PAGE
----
The 10 Best Tow Straps
This wiki has been updated 24 times since it was first published in September of 2015. While a tow strap's primary purpose might be pulling broken down vehicles from one place to the next, many of our selections for this category are tough enough to qualify as recovery straps, so they can also be used to pull bogged-down all-terrain vehicles out of the mud, drag stuck cars out of snow banks, and even yank stubborn stumps out of the ground. When users buy our independently chosen editorial selections, we may earn commissions to help fund the Wiki. If you'd like to contribute your own research to the Wiki, please get started by reviewing this introductory video.
March 23, 2020:
While we did determine that all of our previous selections for this category are still relevant and appropriate rankings for this page, we also added two new selections to the mix: the GearAmerica Ultra Heavy Duty is a bright-orange offering with a beefy four-inch width that boasts 45,000 pounds of tensile strength, and the Motormic Recovery Kit comes with everything you’ll need to pull a vehicle out of the ditch (except, of course, a second vehicle that isn’t in a ditch) – including a forged, locking hitch that’s outfitted with a steel shackle.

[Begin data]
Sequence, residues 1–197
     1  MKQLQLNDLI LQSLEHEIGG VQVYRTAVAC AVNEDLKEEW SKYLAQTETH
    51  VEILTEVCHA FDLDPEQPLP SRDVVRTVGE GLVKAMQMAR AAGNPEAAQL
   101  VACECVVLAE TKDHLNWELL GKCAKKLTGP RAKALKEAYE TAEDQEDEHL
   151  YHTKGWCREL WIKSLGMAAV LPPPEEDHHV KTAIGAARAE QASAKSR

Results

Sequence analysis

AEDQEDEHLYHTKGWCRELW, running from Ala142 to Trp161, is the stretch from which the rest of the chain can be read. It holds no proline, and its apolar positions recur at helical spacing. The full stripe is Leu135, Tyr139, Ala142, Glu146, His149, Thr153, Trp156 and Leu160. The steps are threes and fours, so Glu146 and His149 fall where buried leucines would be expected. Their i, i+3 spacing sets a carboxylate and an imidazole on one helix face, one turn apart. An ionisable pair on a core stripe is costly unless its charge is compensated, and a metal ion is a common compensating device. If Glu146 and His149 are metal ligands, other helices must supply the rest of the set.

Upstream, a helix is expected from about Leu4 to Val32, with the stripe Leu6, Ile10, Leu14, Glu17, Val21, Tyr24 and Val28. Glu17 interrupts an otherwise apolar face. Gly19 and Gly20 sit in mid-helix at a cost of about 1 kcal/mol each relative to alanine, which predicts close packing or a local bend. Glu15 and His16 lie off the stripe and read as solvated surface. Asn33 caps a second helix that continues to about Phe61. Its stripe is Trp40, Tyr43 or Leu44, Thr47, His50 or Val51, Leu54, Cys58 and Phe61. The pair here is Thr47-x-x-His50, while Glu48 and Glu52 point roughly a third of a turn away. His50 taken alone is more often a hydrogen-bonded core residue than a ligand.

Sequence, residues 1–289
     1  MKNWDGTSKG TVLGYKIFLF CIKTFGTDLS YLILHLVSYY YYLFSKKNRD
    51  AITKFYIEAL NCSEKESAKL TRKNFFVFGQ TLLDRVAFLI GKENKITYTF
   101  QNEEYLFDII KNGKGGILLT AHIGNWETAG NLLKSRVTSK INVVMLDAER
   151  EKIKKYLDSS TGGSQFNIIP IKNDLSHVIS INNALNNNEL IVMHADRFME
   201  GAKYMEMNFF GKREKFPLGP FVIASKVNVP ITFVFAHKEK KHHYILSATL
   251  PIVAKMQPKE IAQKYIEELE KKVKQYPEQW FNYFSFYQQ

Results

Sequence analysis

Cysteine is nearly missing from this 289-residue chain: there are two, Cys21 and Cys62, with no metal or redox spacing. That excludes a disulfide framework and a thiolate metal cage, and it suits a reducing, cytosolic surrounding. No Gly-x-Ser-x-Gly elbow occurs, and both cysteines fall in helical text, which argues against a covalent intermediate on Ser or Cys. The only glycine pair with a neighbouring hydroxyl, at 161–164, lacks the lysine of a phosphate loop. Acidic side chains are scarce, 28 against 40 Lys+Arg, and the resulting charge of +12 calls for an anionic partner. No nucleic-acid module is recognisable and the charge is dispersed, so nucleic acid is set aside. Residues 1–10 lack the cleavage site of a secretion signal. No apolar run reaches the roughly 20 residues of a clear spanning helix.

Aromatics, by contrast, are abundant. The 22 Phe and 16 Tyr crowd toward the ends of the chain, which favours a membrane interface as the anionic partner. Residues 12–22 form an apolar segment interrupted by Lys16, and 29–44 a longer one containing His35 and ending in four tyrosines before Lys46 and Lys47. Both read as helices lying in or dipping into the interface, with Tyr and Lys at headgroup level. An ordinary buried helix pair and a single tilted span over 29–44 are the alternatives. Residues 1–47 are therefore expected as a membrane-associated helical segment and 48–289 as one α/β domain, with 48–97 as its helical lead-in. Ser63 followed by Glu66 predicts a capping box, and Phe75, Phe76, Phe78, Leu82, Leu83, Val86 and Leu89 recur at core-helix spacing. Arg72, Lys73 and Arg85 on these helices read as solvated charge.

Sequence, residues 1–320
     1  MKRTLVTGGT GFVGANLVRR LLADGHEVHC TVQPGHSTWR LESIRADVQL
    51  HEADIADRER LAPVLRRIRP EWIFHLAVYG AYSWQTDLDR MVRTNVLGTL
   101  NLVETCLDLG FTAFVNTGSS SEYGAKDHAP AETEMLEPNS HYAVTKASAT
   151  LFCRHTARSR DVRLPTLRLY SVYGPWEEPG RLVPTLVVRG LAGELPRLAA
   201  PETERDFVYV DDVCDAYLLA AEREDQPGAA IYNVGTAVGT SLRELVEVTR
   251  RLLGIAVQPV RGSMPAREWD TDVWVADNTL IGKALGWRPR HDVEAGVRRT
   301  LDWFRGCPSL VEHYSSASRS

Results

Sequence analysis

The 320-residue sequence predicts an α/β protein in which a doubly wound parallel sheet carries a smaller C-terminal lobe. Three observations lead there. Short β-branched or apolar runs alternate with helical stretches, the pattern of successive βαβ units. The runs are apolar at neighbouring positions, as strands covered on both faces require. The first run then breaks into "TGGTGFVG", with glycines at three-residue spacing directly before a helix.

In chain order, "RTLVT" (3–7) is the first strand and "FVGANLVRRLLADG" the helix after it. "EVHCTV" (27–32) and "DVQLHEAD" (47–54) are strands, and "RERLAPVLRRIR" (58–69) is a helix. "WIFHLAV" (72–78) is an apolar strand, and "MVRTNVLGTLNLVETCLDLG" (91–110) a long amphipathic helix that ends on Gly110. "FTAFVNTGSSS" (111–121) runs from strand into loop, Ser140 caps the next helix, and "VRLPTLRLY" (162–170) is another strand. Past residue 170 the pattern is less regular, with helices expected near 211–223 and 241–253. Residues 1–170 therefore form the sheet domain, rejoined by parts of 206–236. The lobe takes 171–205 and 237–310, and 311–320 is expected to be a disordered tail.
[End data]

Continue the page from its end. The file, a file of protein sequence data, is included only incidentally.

A few things to consider for this category:
Material: Nylon and polyester are the two materials that dominate this category. While they’re both suitable for the purpose – in terms of strength, durability and weather resistance – polyester options like the Grip Heavy Duty and Presa 21079 tend to have less elasticity than nylon alternatives like the Rugged Ridge Premium. In practice, polyester models are considered preferable for towing, as things tend be easier for all parties involved when a consistent towing distance can be easily maintained. However, when it comes to yanking a stuck vehicle out of a ditch or snowbank (or a stubborn stump out of the ground), polyester straps are prone to snapping, making stretchier nylon straps (which are sometimes referred to as “recovery straps,” in this context) a better choice.